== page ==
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J Pediatr. 2012 Jul;161(1):51-7. doi: 10.1016/j.jpeds.2011.12.050. Epub 2012 Feb 9.

Oral disposition index in obese youth from normal to prediabetes to diabetes: relationship to clamp disposition index.

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Division of Weight Management and Wellness, Children's Hospital of Pittsburgh, University of Pittsburgh Medical Center, Pittsburgh, PA 15224, USA.



We sought to assess the glucose disposition index using an oral glucose tolerance test (OGTT; oDI) compared with the glucose disposition index measured from the combination of the euglycemic-hyperinsulinemic and hyperglycemic clamps (cDI) in obese pediatric subjects spanning the range of glucose tolerance.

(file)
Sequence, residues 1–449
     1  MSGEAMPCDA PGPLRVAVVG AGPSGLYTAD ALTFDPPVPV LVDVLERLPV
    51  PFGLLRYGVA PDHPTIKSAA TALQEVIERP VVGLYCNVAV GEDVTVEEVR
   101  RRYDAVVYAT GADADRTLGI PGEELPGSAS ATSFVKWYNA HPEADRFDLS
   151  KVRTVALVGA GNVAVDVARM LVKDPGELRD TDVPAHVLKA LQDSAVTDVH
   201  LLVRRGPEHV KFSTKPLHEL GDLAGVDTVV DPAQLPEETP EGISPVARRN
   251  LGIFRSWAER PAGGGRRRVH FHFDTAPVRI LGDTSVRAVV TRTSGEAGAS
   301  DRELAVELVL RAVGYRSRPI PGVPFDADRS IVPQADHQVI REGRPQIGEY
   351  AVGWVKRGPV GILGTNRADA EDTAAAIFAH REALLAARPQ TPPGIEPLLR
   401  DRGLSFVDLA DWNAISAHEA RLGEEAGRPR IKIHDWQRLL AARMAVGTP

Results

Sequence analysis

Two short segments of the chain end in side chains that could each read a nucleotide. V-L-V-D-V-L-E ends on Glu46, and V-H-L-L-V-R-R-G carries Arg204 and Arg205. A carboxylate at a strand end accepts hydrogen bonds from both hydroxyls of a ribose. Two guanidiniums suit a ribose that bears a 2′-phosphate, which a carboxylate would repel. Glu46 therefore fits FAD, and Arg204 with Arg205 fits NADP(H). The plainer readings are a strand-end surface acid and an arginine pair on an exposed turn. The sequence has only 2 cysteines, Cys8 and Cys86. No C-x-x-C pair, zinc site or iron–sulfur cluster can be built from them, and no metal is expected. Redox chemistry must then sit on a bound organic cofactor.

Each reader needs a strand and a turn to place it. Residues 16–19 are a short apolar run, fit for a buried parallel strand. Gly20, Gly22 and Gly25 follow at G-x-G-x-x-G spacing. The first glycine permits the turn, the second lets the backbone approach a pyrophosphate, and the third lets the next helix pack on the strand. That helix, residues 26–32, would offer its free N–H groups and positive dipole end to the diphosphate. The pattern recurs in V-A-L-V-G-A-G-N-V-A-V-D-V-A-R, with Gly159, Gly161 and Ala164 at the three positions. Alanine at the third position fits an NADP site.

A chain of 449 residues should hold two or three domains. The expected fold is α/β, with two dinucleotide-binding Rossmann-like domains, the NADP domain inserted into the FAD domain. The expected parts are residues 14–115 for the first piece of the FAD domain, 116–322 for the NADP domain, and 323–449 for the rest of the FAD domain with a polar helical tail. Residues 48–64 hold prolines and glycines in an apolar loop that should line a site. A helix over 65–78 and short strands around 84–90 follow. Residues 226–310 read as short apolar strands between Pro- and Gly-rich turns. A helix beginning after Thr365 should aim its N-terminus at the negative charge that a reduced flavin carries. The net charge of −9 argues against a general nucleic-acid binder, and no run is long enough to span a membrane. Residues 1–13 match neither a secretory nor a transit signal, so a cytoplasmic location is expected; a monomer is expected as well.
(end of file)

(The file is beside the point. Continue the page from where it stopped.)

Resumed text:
Overweight/obese adolescents (n = 185) with varying glucose tolerance (87 normal, 54 impaired, 31 with type 2 diabetes, and 13 with type 1 diabetes) completed an OGTT and both a hyperinsulinemic-euglycemic and a hyperglycemic clamp study. Indices of insulin sensitivity and β-cell function were calculated, and 4 different oDI estimates were calculated as the products of insulin and C-peptide-based sensitivity and secretion indices.


Mirroring the differences across groups by cDI, the oDI estimates were greatest in normal glucose tolerance adolescents and lowest in type 2 diabetes mellitus and obese with type 1 diabetes mellitus adolescents. The insulin-based oDI estimates correlated with cDI overall (r ≥ 0.74, P < .001) and within each glucose tolerance group (r ≥ 0.40, P < .001). Also, oDI and cDI predicted 2-hour OGTT glucose similarly.


The oDI is a simple surrogate estimate of β-cell function relative to insulin sensitivity that can be applied to obese adolescents with varying glucose tolerance in large-scale epidemiological studies where the applicability of clamp studies is limited due to feasibility, cost, and labor intensiveness.

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